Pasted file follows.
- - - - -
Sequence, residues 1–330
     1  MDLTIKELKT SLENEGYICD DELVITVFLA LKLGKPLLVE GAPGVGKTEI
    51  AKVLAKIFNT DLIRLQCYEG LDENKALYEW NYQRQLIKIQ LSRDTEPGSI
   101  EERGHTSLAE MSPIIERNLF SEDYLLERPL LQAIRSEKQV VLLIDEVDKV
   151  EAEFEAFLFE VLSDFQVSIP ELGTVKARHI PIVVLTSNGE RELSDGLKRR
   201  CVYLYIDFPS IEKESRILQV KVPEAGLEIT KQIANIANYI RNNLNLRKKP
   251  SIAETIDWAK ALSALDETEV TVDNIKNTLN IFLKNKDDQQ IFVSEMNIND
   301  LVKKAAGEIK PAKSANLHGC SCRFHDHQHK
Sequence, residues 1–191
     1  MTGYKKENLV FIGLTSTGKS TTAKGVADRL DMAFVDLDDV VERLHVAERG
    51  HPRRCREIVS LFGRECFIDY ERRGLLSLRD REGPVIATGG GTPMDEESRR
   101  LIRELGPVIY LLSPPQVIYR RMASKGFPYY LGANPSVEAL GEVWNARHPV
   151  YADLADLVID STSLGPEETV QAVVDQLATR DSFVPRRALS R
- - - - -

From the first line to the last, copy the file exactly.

Sequence, residues 1–330
     1  MDLTIKELKT SLENEGYICD DELVITVFLA LKLGKPLLVE GAPGVGKTEI
    51  AKVLAKIFNT DLIRLQCYEG LDENKALYEW NYQRQLIKIQ LSRDTEPGSI
   101  EERGHTSLAE MSPIIERNLF SEDYLLERPL LQAIRSEKQV VLLIDEVDKV
   151  EAEFEAFLFE VLSDFQVSIP ELGTVKARHI PIVVLTSNGE RELSDGLKRR
   201  CVYLYIDFPS IEKESRILQV KVPEAGLEIT KQIANIANYI RNNLNLRKKP
   251  SIAETIDWAK ALSALDETEV TVDNIKNTLN IFLKNKDDQQ IFVSEMNIND
   301  LVKKAAGEIK PAKSANLHGC SCRFHDHQHK
Sequence, residues 1–191
     1  MTGYKKENLV FIGLTSTGKS TTAKGVADRL DMAFVDLDDV VERLHVAERG
    51  HPRRCREIVS LFGRECFIDY ERRGLLSLRD REGPVIATGG GTPMDEESRR
   101  LIRELGPVIY LLSPPQVIYR RMASKGFPYY LGANPSVEAL GEVWNARHPV
   151  YADLADLVID STSLGPEETV QAVVDQLATR DSFVPRRALS R